What is a service animal
A service animal is a dog or miniature horse trained to help you do something that is hard for you to do. If the animal is a dog, it can be any breed and any size. An animal that makes you feel better but does not do a task, is not a service animal. It would be considered an emotional support animal.
The federal government has not approved any type of form, application, vest, or picture ID to show an animal is a service animal. People often buy online documentation that says their animal is a service animal. This does not prove or mean anything.
If you have a disability that people can’t see, businesses and government agencies are allowed to ask:
- Is this a service animal needed because of a disability?
- What task has the animal been trained to perform?
They are not allowed to ask:
- Anything about your disability
- To see the service animal do its task
- For documentation that says an animal is a service animal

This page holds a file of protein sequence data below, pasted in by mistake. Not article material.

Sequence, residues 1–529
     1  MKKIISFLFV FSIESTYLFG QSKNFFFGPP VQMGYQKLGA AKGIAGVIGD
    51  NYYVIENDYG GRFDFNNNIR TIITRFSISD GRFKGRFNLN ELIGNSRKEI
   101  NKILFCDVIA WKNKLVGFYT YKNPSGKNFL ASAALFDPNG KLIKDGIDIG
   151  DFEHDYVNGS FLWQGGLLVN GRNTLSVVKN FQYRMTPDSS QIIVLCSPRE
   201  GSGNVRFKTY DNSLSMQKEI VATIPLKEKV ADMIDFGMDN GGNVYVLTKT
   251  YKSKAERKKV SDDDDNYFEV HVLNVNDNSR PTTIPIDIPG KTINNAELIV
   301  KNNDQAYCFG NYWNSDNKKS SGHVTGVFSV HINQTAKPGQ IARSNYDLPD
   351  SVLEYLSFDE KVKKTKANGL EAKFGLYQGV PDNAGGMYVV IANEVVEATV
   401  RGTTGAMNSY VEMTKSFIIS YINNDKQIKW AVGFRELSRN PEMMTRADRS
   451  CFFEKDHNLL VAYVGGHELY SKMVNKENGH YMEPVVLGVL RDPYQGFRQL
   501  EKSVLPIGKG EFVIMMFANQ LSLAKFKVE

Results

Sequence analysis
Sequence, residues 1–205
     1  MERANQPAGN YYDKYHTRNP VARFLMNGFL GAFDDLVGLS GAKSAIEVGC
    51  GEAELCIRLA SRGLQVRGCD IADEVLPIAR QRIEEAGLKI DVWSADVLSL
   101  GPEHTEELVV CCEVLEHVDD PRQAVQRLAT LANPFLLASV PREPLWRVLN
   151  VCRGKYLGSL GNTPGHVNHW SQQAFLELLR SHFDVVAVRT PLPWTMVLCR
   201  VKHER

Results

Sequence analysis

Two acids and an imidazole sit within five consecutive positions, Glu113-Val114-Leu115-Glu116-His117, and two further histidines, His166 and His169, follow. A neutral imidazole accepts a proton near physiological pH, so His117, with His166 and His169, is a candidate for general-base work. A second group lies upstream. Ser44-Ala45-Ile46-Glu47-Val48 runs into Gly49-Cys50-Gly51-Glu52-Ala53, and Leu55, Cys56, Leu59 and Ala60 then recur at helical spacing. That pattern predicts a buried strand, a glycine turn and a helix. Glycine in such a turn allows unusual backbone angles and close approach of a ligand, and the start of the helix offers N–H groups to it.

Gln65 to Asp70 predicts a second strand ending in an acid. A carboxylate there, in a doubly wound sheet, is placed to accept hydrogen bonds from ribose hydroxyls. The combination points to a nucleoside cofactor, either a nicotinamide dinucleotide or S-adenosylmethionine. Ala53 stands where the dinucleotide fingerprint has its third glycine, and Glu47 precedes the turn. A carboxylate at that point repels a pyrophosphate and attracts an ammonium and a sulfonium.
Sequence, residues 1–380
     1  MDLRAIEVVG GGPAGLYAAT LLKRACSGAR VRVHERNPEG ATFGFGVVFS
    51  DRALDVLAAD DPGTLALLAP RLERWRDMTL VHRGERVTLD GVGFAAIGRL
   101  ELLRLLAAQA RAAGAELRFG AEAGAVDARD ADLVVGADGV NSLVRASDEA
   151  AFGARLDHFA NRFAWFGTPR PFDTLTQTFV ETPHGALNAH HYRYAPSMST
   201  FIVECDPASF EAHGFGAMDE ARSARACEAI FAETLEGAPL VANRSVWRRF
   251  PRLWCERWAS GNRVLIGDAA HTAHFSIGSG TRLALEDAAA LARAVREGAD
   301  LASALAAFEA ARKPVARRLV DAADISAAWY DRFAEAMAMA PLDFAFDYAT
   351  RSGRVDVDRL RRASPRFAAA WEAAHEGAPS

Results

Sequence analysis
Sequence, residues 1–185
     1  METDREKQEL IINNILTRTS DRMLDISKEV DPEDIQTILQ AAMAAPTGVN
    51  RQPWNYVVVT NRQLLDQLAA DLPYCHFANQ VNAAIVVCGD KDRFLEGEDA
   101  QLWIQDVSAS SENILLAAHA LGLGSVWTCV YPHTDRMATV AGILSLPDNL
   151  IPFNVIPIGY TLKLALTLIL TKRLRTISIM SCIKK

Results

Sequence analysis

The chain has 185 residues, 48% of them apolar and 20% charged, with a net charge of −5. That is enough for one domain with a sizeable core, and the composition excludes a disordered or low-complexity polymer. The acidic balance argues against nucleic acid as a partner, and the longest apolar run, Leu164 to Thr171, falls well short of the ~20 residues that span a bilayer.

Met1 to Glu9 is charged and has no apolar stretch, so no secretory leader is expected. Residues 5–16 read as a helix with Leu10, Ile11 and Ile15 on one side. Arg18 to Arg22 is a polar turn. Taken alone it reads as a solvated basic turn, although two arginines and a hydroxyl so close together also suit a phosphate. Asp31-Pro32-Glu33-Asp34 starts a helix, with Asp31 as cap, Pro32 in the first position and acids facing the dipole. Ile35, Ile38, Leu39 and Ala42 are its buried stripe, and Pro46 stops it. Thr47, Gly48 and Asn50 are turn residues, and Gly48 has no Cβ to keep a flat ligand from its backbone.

A service animal needs to do a task for you. The task must be something you can observe.
- Guiding a handler who is blind
- Pawing at a handler who is deaf when the animal hears a baby cry
- Picking items up off the floor and giving them to the handler
- Sitting close when the handler has a seizure
- Licking the hand of a handler with anxiety to calm them
An animal that makes a person feel better, but does not do a task, is not a service animal under the ADA.
Where a service animal can go
Service animals that behave well can go everywhere you go. Even if someone has allergies or is afraid of dogs, you are still allowed to have your service animal with you.
Sometimes businesses and government buildings say that no pets are allowed. Your service animal is not your pet. They need to let you bring your service animal with you.
Behavior and care
You need to care for your service animal all the time. This means you need to:
- Stop the service animal from running around
- Take it outside to use the bathroom
- Make sure the animal behaves well
The service animal should not bark, growl at, or bite other animals or people.
If a service animal does not behave, the business or government agency can ask you to take the animal out of the building. You can come back later without your animal.
Do you have questions about service animals? Our technical assistant specialists are here to help, Monday to Friday.
You can contact us by phone, email, or online form.
We also offer trainings, webinars, and online courses.